The most challenging part here is dealing with the exceptions. Some products might get damaged while unloading, some might be completely different to what the customer originally ordered, others might get misplaced while shipping. These are just a few scenarios.
The biggest benefit of creating these workflows is that your receiving team doesn’t have to wait for instructions whenever an exception pops up.
Time is of the essence when processing returns. Why?
The longer a returned product stays in the warehouse, the more is the depreciation seen in its value. This brings us to the need for seamless internal collaboration -- to move returns out of the chain quickly.
But, returns are hardly managed end-to-end by one single team.
The support team needs to communicate with the warehouse team for updates on order status - as customers are likely to follow up over emails and calls.
The logistics team needs to work together with the finance team to process the issue of credit in cases where the customer wants a refund.
The receiving team needs to coordinate with the vendors to send damaged goods back to the vendor’s location. Else, if the product is unopened, they need to communicate with the necessary warehouse personnel to issue an exchange for the customer.
All these different lines of communication need to work seamlessly, in parallel. A common way to go about this is by writing emails to different teams, forwarding order receipts, using Ccs to loop in colleagues, and so on. But this approach can get overwhelming when the volume of return orders surge. Important information can easily get missed.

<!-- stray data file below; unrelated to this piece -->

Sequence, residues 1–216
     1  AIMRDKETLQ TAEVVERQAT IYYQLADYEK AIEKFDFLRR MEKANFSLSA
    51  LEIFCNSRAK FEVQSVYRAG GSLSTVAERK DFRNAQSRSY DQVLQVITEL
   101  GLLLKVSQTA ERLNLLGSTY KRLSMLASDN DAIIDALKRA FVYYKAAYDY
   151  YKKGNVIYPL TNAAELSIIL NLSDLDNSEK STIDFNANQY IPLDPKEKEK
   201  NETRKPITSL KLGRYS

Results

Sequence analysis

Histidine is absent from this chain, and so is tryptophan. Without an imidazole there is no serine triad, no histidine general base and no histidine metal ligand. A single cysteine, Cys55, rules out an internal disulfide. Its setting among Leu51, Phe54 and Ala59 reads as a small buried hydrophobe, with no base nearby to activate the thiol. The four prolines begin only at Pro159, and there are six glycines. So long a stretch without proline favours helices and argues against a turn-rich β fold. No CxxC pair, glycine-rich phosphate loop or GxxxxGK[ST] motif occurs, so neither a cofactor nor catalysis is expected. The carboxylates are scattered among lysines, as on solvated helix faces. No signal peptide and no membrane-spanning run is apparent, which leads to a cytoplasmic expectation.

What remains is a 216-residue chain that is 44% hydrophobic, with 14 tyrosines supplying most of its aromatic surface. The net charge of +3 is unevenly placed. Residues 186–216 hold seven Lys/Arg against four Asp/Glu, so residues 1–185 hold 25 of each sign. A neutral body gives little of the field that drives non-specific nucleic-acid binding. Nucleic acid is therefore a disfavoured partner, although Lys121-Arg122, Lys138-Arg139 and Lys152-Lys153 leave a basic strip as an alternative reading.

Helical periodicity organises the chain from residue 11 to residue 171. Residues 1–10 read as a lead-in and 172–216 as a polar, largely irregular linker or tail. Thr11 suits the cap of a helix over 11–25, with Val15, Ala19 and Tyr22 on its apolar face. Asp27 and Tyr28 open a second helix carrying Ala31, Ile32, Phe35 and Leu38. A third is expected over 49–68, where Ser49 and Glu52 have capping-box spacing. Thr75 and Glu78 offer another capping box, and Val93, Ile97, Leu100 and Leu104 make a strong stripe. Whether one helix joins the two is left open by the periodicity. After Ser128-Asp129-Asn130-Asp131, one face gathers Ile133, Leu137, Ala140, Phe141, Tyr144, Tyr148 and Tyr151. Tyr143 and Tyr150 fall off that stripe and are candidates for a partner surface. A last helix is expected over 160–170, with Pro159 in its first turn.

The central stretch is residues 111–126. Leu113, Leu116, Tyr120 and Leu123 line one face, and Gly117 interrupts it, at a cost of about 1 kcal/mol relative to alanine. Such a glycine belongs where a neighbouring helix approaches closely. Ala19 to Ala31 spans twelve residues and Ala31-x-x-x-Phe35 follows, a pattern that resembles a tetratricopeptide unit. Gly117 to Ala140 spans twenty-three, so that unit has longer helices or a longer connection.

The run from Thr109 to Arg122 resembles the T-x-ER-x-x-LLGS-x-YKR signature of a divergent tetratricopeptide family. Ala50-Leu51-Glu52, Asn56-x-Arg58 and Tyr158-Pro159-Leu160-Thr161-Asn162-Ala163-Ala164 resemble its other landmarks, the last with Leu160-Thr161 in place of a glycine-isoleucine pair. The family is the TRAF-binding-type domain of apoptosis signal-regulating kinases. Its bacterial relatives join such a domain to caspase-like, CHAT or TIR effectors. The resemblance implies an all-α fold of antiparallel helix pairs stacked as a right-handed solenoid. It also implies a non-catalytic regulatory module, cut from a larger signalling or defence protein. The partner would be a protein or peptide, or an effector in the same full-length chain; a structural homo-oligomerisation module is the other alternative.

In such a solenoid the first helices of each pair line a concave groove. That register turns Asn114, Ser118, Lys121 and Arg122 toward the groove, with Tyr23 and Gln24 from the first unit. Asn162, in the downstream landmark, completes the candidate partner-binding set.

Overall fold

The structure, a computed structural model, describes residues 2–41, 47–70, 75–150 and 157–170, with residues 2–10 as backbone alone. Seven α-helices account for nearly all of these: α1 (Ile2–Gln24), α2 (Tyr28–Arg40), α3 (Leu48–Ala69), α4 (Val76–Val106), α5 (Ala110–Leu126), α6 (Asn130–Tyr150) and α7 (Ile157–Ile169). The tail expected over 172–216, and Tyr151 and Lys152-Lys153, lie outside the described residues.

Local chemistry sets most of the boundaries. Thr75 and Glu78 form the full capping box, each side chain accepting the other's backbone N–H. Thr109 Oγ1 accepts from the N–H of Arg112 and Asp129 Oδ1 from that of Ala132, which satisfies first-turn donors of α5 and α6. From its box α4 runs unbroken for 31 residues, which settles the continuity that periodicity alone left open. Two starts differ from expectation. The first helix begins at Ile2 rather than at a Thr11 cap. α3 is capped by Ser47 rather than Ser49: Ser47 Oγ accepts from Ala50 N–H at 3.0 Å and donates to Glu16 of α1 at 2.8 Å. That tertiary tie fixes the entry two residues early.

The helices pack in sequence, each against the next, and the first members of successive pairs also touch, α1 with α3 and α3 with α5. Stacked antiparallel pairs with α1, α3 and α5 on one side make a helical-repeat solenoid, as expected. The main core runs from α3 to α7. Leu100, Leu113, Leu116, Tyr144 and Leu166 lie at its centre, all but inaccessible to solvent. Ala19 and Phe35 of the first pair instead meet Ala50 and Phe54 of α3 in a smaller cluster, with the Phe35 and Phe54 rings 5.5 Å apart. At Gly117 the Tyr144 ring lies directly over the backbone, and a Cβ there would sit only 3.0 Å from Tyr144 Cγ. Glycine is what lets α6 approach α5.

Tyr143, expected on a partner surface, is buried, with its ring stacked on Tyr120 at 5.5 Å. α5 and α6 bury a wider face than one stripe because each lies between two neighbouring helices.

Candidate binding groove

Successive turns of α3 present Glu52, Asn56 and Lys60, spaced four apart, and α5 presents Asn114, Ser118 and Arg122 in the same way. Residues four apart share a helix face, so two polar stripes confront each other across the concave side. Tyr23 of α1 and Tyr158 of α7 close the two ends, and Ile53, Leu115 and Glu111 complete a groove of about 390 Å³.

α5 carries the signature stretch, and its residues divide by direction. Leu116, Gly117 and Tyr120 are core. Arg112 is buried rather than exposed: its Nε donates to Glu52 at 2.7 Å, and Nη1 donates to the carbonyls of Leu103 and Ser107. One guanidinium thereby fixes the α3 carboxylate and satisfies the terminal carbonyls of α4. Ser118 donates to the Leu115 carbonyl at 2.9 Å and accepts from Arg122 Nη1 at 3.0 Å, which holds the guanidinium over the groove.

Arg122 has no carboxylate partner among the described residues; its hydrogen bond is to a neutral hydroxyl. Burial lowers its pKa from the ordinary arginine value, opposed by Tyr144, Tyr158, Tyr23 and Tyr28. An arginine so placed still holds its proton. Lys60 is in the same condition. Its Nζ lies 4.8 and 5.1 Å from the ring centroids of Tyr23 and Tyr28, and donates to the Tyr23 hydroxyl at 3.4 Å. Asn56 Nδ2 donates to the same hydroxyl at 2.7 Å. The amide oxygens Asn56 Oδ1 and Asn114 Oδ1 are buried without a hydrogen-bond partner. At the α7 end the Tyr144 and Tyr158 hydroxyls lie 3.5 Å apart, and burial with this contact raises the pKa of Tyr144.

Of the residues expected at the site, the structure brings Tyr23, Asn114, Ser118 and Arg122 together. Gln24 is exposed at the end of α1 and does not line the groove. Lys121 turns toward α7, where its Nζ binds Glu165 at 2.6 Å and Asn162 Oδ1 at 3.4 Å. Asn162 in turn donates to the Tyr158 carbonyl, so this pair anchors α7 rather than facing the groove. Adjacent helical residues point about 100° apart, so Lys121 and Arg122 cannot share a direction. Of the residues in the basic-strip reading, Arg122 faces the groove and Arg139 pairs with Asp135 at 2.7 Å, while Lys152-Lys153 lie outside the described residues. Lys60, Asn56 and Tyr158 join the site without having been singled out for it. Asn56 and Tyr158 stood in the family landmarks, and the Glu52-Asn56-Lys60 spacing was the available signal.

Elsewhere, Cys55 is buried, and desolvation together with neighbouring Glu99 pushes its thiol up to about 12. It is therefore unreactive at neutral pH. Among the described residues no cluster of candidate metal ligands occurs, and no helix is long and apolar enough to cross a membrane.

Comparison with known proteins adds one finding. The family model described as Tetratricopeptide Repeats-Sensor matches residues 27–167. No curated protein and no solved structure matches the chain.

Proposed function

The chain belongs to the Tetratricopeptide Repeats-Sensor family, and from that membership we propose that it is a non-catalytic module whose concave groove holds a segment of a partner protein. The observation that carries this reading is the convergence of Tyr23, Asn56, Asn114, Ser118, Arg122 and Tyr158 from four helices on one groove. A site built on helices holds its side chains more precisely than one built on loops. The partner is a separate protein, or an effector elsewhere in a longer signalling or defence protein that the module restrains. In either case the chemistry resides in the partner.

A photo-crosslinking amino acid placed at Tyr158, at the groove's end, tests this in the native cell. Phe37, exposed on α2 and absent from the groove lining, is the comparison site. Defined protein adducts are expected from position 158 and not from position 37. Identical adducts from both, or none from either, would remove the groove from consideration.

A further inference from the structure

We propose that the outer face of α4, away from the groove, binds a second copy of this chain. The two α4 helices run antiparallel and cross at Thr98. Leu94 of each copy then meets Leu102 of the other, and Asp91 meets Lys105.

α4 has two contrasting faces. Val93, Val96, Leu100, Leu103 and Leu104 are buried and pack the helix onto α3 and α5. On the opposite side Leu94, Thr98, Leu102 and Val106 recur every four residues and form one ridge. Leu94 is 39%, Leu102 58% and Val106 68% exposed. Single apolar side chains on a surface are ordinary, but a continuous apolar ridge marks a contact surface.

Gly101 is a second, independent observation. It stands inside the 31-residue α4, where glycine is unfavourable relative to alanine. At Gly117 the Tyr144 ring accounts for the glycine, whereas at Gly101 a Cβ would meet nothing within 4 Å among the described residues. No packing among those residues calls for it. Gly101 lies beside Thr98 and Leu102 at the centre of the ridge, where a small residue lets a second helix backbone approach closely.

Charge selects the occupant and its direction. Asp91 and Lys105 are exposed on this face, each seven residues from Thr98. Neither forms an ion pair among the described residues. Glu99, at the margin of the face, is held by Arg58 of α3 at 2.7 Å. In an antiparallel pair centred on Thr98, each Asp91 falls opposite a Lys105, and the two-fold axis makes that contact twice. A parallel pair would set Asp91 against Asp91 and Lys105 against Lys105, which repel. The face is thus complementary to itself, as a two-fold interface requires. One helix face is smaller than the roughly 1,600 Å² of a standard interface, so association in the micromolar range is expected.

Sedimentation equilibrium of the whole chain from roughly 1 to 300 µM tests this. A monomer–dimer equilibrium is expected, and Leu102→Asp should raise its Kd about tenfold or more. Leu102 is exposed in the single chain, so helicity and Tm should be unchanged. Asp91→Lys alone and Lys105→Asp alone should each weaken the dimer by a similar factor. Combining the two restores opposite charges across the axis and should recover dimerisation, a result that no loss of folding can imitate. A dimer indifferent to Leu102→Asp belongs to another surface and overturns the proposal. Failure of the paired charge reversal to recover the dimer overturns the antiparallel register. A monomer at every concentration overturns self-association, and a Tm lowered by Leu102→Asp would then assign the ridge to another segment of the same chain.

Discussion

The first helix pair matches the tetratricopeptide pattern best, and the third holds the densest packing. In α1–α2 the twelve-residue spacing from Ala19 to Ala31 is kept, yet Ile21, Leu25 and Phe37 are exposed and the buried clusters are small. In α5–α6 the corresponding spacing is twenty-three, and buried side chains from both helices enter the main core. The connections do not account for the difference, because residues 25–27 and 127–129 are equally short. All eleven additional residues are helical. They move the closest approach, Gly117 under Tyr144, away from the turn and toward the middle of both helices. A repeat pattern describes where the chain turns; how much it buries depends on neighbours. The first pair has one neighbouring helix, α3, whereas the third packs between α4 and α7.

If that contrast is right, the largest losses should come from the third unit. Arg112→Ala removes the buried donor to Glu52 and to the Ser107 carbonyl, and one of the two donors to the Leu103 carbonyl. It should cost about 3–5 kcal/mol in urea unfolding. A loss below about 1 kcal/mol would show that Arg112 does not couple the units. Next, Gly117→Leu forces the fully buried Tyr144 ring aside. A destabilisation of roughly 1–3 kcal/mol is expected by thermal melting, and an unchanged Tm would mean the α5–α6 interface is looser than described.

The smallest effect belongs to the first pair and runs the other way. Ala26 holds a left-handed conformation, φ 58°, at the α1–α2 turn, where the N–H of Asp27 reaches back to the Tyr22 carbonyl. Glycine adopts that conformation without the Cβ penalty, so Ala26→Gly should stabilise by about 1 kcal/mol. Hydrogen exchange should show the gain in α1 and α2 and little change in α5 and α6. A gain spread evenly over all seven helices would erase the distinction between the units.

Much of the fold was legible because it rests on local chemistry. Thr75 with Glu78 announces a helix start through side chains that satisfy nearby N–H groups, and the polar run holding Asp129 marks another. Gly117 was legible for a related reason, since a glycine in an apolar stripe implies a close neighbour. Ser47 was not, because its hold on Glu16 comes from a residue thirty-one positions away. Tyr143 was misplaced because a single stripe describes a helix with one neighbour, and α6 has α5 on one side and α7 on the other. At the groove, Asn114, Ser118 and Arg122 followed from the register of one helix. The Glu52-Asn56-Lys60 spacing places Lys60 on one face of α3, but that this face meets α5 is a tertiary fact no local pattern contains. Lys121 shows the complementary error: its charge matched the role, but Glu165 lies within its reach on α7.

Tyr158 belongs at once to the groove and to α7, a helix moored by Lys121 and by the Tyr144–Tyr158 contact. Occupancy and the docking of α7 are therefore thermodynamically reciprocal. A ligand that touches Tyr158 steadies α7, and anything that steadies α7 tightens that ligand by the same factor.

This is where a tool like Hiver can be helpful - it allows teams to speed up internal collaboration without sending more emails.
On one hand, handling returns on time is crucial to building customer loyalty and retention. On the other, it's important that you recover the maximum value out of the return goods, in order to cut your losses.
Post segregation of the returned goods, ensure the workflows you have in place channel these items to the path of the highest selling price.
Treat every returned good as an asset and ensure there's a process in place to derive the maximum value out of it.
No matter how easy you make it for the customer to apply for returns, managing the return chain is expensive and complicated.
So, how do you make it cost-effective?
For that, you need to be aware of the financial impact returns have on your business.
Cerasis recommends a simple equation to calculate the cost of managing returns.
Processing Costs + Logistics Costs + Credits/Replacements Cost + Asset Depreciation = Total Reverse Logistics Costs